The transcription project for WO 399 has been going for a little less than a year, and great progress has been made by our brilliant volunteers. Almost a quarter of the files have been re-transcribed now which is a huge accomplishment. I wrote in August about some of our findings but as the project continues, there is yet more to learn. More than 50 volunteers have already contributed to the project and they have revealed so many fascinating stories and circumstances about life in the military nursing services in this period. I spoke to one of the volunteers about what she has been getting out of the project.
Maggie spoke about ‘the enormous variety of files that give such a fascinating, real and very personal insight into society into the life of nurses during the First World War. These nurses could not possibly have imagined that, over 100 years later, their personal records could be read by people anywhere in the world!’
There is a huge amount of material in these files – for some of the women, their services run to more than a hundred pages, and these files have been weeded! It’s a real insight into the world these women were working in: within most Queen Alexandra’s Imperial Military Nursing Service (QAIMNS) and QAIMNS Reserve files, there is a ‘Casualty Active Service Form’ which details all their postings, with dates and duration, allowing you to plot a nurse’s journey around the globe in service. From France to India, Mesopotamia to Salonika, Scotland to Siberia, military nurses travelled the world to care for the wounded and the sick.
The realities of medical care in this period also loom large in the files. As Maggie observed, ‘the illnesses, diseases (in a pre-antibiotic era) and injuries (both mental and physical) they acquired, emphasising the risks they were under’. In one set which Maggie worked on, in a hundred files there were four deaths, five nurses becoming permanently unfit and a further five leaving the Service on account of their health. She also observed how interesting the personal details of the nurses can be, such as the bravery, described by senior officers, of the nurse during an air raid; the inventory of effects and correspondence after the death of a nurse; the amounts claimed for missing, damaged or lost belongings; the ‘honest and candid’ comments written in appraisals by the matrons, and so forth.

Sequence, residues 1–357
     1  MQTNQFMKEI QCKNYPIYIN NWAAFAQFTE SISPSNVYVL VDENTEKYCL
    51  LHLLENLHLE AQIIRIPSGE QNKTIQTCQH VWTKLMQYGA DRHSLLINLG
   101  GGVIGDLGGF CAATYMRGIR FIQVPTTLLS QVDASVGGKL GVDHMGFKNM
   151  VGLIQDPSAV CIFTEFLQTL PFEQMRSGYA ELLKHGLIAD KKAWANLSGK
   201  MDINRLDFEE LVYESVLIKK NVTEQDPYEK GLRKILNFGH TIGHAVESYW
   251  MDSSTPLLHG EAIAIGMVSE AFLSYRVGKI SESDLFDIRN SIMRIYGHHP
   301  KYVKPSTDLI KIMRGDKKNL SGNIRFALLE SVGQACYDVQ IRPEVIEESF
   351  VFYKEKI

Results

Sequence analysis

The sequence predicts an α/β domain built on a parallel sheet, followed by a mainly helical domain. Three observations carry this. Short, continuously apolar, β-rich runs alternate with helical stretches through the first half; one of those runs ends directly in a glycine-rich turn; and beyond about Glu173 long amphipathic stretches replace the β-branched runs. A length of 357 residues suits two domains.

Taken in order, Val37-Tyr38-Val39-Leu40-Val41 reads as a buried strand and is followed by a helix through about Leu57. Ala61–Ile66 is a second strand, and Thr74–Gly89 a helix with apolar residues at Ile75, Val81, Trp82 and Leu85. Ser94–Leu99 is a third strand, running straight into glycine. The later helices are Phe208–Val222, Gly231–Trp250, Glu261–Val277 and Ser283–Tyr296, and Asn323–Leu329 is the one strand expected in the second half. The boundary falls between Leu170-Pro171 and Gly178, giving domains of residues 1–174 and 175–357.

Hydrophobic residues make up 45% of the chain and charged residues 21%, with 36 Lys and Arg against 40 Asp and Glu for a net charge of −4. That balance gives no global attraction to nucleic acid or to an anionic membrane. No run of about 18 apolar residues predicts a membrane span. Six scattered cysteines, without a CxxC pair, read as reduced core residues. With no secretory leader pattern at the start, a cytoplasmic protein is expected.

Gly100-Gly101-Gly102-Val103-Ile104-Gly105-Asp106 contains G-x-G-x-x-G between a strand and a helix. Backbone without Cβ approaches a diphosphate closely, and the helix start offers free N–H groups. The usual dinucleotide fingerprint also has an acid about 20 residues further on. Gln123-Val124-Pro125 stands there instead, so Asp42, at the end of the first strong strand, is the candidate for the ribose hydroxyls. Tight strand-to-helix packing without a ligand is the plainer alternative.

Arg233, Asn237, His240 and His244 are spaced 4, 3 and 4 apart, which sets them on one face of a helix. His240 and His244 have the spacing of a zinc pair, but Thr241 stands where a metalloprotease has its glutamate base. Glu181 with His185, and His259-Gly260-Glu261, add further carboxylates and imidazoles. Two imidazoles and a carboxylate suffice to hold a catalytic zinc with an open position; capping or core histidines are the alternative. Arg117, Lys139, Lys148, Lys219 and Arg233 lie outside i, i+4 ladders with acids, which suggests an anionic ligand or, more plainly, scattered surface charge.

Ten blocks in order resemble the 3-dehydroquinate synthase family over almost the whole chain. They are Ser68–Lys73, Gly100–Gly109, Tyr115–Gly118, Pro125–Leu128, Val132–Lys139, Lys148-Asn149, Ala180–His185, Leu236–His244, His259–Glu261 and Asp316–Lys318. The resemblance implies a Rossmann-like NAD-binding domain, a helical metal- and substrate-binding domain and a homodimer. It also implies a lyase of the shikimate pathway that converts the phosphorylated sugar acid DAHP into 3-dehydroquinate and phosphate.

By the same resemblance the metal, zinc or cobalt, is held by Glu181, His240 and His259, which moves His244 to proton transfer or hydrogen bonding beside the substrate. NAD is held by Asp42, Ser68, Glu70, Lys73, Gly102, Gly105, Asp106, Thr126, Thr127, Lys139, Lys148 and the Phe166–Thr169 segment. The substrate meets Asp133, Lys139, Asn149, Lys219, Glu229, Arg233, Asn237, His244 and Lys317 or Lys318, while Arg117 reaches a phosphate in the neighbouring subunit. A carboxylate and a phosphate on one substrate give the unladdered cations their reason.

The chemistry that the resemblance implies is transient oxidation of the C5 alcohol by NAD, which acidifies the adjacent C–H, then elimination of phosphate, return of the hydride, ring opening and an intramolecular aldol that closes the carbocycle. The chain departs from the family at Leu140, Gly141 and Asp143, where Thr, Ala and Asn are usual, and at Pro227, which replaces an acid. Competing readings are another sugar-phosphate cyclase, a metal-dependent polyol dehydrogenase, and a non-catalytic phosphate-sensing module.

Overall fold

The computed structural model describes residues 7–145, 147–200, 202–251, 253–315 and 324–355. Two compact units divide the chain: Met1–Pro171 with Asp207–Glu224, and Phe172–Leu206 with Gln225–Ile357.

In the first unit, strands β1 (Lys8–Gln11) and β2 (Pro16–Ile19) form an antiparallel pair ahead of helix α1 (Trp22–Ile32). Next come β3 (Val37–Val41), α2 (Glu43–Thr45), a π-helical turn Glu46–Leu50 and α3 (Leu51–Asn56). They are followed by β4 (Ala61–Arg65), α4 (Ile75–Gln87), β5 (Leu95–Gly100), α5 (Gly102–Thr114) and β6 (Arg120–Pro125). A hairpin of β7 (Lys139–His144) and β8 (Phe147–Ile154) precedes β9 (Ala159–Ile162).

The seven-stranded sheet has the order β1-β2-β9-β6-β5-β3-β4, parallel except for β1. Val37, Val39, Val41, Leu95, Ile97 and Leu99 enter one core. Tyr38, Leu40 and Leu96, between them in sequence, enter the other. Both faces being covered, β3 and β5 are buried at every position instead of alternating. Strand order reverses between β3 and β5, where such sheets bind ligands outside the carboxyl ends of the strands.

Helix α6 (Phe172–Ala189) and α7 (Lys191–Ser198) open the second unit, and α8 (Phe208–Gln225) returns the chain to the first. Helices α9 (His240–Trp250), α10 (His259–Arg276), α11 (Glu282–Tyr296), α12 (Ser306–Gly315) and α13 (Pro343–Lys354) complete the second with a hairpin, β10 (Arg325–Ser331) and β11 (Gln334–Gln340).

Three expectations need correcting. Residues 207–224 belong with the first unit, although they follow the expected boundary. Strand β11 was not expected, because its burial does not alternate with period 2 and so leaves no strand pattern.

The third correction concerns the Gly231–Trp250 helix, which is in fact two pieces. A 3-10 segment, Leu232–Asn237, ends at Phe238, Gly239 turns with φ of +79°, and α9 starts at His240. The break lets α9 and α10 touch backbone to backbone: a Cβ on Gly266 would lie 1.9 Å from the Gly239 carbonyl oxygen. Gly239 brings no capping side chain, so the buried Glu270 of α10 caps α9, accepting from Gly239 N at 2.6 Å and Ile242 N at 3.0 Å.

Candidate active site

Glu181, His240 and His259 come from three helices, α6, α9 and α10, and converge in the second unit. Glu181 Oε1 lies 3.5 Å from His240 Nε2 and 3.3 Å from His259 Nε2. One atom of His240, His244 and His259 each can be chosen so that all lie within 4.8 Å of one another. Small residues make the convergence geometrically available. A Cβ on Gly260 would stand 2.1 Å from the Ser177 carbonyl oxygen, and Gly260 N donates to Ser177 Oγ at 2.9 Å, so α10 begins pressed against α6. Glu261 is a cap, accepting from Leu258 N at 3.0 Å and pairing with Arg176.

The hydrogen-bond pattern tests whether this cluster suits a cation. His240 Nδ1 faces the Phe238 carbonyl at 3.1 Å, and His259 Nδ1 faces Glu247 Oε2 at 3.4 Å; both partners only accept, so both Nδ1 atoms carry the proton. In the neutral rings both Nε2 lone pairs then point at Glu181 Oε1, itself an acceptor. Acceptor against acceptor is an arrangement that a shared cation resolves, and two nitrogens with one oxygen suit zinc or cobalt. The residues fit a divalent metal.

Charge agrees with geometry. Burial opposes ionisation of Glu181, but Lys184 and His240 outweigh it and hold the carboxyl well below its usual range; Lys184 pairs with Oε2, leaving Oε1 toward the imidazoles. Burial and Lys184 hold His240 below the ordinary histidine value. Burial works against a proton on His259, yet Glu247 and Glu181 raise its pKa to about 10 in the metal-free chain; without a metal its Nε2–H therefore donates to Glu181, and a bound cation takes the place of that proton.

Maggie also points to one of our other most recent calculations, that around one in 10 nurses had to resign from the Service because they were getting married (although, later it was possible for a few nurses to be given permission to continue working … but only if their husband was in the Armed Forces and not if serving in the same unit!). ‘One can’t help but think of the number of experienced and skilled nurses lost to the profession, when they were so much in demand.’
The files have uncovered some fascinating stories. We’ve found sets of siblings who served with the forces, women who met their life partners while nursing and went on to live together for the rest of their lives, women who saved the lives of their fellow nurses by their quick action, but paid the ultimate price. It is a privilege and a pleasure to work on their records. Maggie has summed this up brilliantly:
‘What keeps me “doing just another entry” is the pure variety of each record, each holding the possibility of uncovering another insight or story, then wondering who might make use of this treasure-trove of information. Family historians? Writers of historical fiction or scripts so that their story can be “based on true events”? Or, perhaps, a historian researching just one of the many aspects of life or war these files reveal? One thing is certain, they are never dull!’
I want to take the opportunity to thank our volunteers for all their hard work. We are not currently able to take on any new volunteers, but I am hugely grateful to everyone for all their hard work!